I’m not saying that you need to find a place to use a “fuck” or a “shit” or a “son-of-a-bitch” in every sentence you speak, you don’t.  If you have no use for the words then don’t use them.  All around I could care less about that.  But if you feign this fucking ridiculous offense, and yes you are feigning it, then all you are doing is supporting this meaningless prerogative that the word is actually “bad.”  If you just ignore it, or allow it to diminish in meaning (which is part of why I allow myself to swear, to break the meaning) eventually you probably won’t even notice it any more when people swear and then there isn’t a problem.

“But Lord it is aggressive and angry language.  Can’t you . . .”

No god damnit!  No! Anything can be made into aggressive and angry language if you put it in the right context and, if you are speaking, back it with enough rage.  You could say “happy rainbow unicorn fun time!” with all sorts of fucking rage if you’d like to.  In fact I would say that it is better to using swearing to express anger than stupid meaningless things like “fiddle-sticks” or “shoot” or “frigging” or what have you, because in using them you are intending a supplement to the actual swears (shocker “shoot” and “frigging” are just “non-offense” deviations for “shit” and “fucking”).  How is the supplement any better, huh?  It isn’t because it is just a word as much as the swear being used with the same context and meaning.  It is again creating this false sense that certain words are actually “bad” as if something so created and fluid as language could ever have a real good or bad value (yes, the context of how the language is used can be good or bad depending on its effects, but the words themselves are essentially abstracts without any value unless people choose to place that value on them).

I could go on and on with this, but I think I am going to wrap it up here.  I don’t care if you agree with me or not, it really isn’t my problem.  If you really do, honest to god,  take offense of every f-bomb that is uttered than I apologize and will, out of respect try to restrain my swearing around you.  But that being said, if you are just taking on this look of shock and awe when somebody says “shit” because “you are supposed to” then all I have to say to you is a big ol’ “FUCK YOU! Get the fuck over it!”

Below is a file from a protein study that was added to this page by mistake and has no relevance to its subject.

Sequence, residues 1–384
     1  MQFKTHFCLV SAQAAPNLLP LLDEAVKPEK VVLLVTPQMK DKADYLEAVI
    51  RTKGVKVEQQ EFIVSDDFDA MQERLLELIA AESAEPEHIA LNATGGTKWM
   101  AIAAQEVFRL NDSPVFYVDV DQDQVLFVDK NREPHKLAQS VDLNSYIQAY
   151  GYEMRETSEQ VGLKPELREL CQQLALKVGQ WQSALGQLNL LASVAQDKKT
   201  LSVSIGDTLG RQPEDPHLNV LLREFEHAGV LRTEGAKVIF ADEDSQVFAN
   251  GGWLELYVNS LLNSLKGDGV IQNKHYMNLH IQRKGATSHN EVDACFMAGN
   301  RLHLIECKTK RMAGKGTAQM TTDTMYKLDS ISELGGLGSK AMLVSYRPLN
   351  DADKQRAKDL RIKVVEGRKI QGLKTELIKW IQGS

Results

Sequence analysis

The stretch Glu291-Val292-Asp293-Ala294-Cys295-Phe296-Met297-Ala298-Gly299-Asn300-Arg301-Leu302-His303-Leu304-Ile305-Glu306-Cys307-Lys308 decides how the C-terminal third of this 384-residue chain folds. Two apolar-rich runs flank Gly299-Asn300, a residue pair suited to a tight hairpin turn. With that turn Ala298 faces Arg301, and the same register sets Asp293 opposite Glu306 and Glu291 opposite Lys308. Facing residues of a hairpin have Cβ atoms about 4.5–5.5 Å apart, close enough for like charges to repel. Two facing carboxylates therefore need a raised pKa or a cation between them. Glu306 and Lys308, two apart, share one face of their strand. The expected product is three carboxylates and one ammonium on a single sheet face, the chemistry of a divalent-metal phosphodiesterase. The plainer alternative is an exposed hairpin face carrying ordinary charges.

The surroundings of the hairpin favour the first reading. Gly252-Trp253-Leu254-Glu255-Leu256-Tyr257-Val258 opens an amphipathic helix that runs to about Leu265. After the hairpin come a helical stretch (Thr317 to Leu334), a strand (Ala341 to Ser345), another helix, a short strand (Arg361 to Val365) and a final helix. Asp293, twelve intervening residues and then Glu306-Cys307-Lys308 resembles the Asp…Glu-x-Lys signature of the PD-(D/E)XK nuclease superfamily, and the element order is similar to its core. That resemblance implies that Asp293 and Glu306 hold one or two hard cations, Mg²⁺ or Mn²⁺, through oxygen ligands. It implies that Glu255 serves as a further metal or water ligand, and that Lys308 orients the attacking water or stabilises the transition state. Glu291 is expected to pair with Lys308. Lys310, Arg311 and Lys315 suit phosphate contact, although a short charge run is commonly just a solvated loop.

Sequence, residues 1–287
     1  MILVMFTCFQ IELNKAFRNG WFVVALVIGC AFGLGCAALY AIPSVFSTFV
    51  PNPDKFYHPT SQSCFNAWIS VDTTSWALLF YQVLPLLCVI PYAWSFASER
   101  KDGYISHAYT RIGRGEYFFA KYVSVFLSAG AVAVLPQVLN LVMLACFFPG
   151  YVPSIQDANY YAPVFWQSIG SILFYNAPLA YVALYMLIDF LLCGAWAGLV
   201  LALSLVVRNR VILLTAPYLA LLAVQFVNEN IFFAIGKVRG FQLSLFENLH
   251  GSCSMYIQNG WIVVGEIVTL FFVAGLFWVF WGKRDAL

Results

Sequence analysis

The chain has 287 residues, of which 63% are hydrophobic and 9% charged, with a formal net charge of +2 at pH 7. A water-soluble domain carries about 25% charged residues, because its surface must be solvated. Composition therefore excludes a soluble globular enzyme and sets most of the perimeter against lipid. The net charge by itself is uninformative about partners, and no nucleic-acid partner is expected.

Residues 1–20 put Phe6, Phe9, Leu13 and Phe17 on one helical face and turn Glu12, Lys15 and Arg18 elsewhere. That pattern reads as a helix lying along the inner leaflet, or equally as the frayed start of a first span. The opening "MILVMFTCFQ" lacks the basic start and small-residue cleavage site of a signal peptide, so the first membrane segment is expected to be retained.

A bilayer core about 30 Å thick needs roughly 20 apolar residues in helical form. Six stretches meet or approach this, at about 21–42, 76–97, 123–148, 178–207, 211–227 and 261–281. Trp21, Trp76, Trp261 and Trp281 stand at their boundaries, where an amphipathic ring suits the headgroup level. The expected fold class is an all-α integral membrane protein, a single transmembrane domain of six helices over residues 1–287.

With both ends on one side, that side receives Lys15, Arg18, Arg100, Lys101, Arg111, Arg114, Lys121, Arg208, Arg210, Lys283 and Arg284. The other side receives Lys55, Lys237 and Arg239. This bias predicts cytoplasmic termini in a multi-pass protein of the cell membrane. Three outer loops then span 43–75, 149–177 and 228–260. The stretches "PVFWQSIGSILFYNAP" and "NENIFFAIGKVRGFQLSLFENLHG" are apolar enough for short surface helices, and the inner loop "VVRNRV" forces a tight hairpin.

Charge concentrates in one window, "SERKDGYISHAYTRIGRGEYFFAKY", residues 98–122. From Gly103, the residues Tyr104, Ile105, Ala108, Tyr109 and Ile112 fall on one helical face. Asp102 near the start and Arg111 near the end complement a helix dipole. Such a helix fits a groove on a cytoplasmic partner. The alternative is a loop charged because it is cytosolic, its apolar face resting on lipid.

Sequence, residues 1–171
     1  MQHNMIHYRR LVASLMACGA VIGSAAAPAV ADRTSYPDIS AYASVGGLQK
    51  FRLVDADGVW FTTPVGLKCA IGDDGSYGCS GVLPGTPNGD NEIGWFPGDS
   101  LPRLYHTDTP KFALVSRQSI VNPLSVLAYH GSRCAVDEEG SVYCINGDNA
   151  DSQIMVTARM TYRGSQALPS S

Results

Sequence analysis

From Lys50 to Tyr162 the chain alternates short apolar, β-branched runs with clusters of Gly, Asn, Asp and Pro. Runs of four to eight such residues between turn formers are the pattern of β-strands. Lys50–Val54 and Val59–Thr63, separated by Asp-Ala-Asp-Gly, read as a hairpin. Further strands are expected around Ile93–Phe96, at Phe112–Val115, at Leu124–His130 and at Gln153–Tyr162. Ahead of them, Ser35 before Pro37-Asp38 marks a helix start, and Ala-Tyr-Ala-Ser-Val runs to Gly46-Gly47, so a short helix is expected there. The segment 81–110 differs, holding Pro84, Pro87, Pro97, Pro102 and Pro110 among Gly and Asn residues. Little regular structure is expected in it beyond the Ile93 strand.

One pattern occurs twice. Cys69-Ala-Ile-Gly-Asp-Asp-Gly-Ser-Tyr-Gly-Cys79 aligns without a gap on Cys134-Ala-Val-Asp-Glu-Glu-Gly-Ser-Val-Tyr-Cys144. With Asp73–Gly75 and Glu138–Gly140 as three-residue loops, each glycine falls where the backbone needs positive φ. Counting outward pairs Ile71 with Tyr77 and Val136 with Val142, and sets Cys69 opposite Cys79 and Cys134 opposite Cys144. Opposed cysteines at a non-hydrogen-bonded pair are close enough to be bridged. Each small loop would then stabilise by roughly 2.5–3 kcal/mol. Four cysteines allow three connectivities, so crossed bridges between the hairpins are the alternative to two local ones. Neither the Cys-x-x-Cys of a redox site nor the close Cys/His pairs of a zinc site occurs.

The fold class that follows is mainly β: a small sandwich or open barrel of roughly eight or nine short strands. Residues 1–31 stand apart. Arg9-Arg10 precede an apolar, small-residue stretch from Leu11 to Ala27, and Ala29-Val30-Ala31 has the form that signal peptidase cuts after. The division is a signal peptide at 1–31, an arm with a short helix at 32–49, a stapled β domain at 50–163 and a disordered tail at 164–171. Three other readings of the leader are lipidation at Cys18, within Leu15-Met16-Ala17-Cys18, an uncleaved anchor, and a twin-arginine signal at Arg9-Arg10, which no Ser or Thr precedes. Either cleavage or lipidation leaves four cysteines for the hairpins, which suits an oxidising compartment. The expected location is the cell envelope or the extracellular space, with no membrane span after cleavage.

There, the fucking end.

Post post (which is obviously still part of this post):  In the intention of offering a little context in to how I have come to my stance on swearing  allow me to share the following.

Admittedly a big part of it probably has to due with my quasi-relativistic view of ethics (I am not going to try and explain my ethical outlook on life beyond calling it quasi-relativistic) and also my current stance of being a self avowed absurdist.  These two things have an unquestionable influence in a lot of how I regard and interact with the world including my stance on swearing.

But I think that my real struggle and frustration with the concept of swearing can be traced back to my childhood.  It isn’t that my parents were notoriously foul mouthed or swore above any average.  Sure they might curse here or there but for the most part it was avoided.  In truth I probably swear significantly more than anybody else in my immediate family (my brother does it quite a bit too, but I don’t think to the same consistency as I do).

Here is a story, which in further contemplation I think really illustrates my development into an avid swearer and having a general disregard/disdain for the “ethical” implications of swearing.